“Oh my goodness. Oh wow! In your life have you seen anything like that?”
It’s an iconic observation made by Verne Lundquist in 2005 as he watched Tiger Woods‘ magical chip shot roll toward the hole on the 16th green at The Masters.
The ball stopped short of the cup for a moment, then dropped into the cup amid a thunderous roar. Tiger added another fabled moment to a career that earned him a spot in the World Golf Hall of Fame this past week.
As we prepare for the upcoming Masters in Augusta and leave the Valspar Championship behind, let’s take a look at how one of the greatest in golf was recently honored.
Woods was emotional throughout his speech and paid homage to those who’d helped him throughout his fabled career.
“I know that golf is an individual sport,” he said at the end of his speech. “We do things on our own a lot for hours on end, but in my case, I didn’t get here alone. I had unbelievable parents, mentors, friends, who allowed me and supported me in the toughest times, the darkest of times, and celebrated the highest of times.”
Woods weaves a story of a golf-obsessed kid who kept getting better
As Woods worked through his speech, it became hard to tell which came first: His childhood, or golf? The two matured in unison, and Woods loved every minute of it.
When he was six years old, his mom took him to Heartwell Golf Park in Long Beach. She asked the course pro if Tiger could play. The pro asked to see Tiger hit a few shots.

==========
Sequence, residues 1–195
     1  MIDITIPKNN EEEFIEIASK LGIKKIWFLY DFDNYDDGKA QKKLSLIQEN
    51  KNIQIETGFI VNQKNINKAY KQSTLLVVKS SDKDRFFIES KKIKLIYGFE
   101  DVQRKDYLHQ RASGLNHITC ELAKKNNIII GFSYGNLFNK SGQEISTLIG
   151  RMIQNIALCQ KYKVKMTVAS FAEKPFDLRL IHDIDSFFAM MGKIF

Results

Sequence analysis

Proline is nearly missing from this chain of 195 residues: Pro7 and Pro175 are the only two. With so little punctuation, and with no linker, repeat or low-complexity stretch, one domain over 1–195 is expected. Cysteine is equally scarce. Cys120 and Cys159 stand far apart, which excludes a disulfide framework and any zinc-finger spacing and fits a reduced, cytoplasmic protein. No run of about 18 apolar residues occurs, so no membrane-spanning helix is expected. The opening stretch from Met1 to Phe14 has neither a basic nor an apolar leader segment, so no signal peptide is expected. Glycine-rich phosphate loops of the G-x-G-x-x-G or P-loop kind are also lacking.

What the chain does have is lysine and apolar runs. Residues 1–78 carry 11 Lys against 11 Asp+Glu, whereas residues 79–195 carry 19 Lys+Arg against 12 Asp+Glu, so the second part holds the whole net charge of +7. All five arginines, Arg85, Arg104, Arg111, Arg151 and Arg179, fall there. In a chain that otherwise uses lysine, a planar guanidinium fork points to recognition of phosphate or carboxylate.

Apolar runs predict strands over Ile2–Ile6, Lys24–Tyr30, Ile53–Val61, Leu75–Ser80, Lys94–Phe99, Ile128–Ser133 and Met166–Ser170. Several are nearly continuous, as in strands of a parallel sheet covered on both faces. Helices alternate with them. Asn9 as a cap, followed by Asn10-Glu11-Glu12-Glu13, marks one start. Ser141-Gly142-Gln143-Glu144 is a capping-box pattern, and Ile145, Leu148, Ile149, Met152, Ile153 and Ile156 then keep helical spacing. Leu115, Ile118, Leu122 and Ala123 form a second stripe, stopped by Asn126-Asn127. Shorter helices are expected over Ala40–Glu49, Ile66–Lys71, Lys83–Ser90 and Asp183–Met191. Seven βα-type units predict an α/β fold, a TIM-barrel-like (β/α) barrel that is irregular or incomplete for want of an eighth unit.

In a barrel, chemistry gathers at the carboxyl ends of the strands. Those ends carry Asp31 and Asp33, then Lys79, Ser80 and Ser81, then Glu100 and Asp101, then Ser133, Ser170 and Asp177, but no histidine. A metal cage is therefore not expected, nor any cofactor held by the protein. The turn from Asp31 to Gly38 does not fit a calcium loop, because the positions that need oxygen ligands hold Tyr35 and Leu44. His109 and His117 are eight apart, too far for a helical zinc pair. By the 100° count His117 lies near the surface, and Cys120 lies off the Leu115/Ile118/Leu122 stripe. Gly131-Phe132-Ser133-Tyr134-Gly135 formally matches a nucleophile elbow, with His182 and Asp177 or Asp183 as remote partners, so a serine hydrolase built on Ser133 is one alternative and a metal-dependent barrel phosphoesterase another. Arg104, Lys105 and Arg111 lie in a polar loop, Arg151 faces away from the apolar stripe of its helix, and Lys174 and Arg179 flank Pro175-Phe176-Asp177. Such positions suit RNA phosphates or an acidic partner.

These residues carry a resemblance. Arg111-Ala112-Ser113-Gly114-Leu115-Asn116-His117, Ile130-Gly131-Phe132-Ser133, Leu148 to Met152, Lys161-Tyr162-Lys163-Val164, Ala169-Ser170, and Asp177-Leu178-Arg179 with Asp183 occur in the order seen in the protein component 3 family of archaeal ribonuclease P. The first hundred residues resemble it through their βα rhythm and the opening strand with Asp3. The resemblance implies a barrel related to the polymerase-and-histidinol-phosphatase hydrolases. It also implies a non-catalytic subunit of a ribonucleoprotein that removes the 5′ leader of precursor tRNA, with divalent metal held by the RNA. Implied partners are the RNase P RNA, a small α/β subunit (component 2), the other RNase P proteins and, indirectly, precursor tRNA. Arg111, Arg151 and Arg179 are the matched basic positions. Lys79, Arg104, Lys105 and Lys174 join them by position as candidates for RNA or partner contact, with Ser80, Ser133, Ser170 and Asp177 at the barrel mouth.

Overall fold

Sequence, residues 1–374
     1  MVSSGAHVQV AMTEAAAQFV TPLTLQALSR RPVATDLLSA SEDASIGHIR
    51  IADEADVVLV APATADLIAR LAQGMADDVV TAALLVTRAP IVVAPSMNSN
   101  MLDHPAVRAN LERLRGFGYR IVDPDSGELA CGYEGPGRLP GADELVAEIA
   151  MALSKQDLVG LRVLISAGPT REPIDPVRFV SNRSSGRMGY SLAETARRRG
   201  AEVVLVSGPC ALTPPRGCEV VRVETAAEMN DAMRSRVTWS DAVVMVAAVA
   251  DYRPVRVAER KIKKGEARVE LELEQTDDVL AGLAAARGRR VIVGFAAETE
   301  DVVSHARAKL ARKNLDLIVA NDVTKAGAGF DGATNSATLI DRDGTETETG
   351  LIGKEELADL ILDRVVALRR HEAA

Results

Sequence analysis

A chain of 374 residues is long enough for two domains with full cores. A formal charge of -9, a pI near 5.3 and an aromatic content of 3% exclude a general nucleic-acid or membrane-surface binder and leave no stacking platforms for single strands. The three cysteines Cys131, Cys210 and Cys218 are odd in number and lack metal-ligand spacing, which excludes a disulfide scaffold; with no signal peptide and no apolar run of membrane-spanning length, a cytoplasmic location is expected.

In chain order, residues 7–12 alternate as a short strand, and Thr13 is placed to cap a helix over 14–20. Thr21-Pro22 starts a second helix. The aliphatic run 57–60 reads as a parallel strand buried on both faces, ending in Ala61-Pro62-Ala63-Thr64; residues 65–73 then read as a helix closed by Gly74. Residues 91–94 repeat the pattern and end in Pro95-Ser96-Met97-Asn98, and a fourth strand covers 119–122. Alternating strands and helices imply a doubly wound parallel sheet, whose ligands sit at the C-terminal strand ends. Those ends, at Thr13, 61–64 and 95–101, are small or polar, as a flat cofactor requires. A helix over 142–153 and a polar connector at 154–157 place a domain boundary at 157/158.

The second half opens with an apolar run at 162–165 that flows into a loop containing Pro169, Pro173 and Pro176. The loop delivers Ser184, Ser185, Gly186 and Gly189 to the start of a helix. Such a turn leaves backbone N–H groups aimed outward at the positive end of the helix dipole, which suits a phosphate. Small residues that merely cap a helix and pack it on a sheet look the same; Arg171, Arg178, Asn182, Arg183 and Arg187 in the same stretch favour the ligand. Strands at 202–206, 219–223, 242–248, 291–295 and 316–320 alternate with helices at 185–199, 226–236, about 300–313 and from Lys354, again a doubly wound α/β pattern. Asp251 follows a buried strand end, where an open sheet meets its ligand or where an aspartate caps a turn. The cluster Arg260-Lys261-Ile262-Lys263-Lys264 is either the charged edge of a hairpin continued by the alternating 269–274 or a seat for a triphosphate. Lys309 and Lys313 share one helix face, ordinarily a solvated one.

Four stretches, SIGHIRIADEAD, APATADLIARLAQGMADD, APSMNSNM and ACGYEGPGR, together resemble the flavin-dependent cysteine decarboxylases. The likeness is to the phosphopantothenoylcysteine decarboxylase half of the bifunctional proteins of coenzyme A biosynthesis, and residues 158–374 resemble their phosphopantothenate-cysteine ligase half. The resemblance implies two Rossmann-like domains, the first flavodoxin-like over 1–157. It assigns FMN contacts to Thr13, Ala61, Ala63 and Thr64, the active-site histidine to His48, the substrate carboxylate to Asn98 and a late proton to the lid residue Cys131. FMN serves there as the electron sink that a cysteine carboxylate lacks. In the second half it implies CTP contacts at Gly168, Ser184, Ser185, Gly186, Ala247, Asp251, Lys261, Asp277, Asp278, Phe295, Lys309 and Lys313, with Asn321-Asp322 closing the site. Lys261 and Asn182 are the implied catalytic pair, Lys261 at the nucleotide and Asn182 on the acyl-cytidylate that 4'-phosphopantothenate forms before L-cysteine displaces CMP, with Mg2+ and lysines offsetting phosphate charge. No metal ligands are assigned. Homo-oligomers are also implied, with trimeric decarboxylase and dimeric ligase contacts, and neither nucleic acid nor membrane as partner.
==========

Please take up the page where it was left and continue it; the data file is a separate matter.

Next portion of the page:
“Well, I hit a few shots, and he says, okay, he’s got unlimited balls,” he said. “So that’s where I ended up starting playing.”
He talked about how he’d play for money at the age of eight, how he’d hide out on golf courses to gather up lost balls he then used in tournaments, and how his dad would take him golfing late in the day with one rule: If you lose a ball, we stop playing. In his speech, he continued:
“Part of understanding how to shape shots and knowing where I hit on the face, where I would hit–it all started then. “I was never going to be denied to play, I love it. I had this burning desire to be able to express myself through golf.”
Woods later went on to talk about how, as a teenager, his parents took out a second mortgage on their home so he could play in the American Junior Golf Association, a league laden with college scouts looking for top talent.
“Without the sacrifices of Mom who took me to all those junior golf tournaments, and Dad, who’s not here, but who instilled in me this work ethic to fight for what I believe in, chase after my dreams, nothing’s ever going to be given to you, everything’s going to be earned. If you don’t go out there and put in the work, you don’t go out and put in the effort, one, you’re not going to get the results, but two, and more importantly, you don’t deserve it. You need to earn it.”
Tiger Woods holds the record for earnings, wins
Though Woods’ career was epic, one still wonders what could’ve been had he avoided injuries and the high-profile fiascos that hampered the back half of his career.
He was never able to surpass Jack Nicklaus’s record of 19 major wins. However, it’s almost certain that he could’ve accomplished the feat had he not played only 19 tournaments from 2014 to 2017.
Nicklaus played in 216 more tournaments than Woods, yet has nine fewer career wins. Woods only missed the cut in about 10% of the tournaments he played in, while Nicklaus missed around 18%. For comparison, Jordan Spieth has missed the cut roughly 21% of the time.
Woods is the all-time leader in earnings with more than $120 million and wins with 82 (tied with Sam Snead). Perhaps what’s most astounding about Tiger’s career is the rate at which he won. It took Tiger 368 events to hit 82 wins, while it took Snead 585 events to accomplish the same feat.